“What I really think in those situations is not like boo-hoo me. I’m thinking about people that are fatter than me,” she said.
But from there it only got worse: Lambert said the coil needed to wrap around her leg for the imaging was too small.
“They kept telling me, ‘We have a bigger coil. It just doesn’t work now,”” she explained. “And I was like please stop saying that, it’s not helpful. We have to get those pictures today. So we tried to squeeze my injured knee in a couple of different ways but it was really painful. We got the mold to snap on but I was starting to lose feeling in my foot. I finally had to be like I don’t think I could do this for a half hour.”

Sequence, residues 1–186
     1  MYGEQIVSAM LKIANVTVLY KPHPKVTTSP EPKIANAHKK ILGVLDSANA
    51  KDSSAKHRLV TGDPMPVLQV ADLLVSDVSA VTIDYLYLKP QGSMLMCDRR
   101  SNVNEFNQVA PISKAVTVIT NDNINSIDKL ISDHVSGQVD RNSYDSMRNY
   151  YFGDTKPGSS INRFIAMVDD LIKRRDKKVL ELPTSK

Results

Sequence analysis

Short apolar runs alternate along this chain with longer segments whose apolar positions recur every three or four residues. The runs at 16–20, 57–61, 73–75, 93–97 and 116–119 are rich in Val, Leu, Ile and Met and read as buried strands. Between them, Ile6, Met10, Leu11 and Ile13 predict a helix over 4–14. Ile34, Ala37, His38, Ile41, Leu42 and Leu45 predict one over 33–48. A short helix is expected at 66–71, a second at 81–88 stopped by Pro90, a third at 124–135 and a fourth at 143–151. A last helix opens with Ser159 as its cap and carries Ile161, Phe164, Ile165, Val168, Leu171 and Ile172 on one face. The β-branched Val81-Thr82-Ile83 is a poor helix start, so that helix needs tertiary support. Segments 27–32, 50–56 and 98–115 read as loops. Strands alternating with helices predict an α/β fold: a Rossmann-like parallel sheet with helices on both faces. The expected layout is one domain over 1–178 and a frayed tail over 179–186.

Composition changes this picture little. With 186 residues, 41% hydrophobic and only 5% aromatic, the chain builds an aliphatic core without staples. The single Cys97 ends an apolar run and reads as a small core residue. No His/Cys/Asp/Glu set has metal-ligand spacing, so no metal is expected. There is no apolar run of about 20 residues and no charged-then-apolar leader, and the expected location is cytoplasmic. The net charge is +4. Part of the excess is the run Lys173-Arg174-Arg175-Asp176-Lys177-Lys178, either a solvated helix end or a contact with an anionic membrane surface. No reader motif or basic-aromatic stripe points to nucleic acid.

After many attempts, Lambert said she had to leave without getting the images done. She felt horrible and began to cry.
“I normally would have coached myself out of it and waited to pull out and cry in the car,” she said. “And I was like you know what? Who am I protecting here? Who benefits from me not expressing my full experience? I will let myself full out cry and process in this.”
Rayus Radiology, a company who owns numerous radiology centers across the United States, told TODAY in an emailed statement: “We make great effort to ensure that all patients are treated courteously and receive the highest standard of patient care at all our locations. Unfortunately, we recently received feedback from a patient who did not have an experience reflective of Rayus or what our patients should expect when coming to us for medical care.”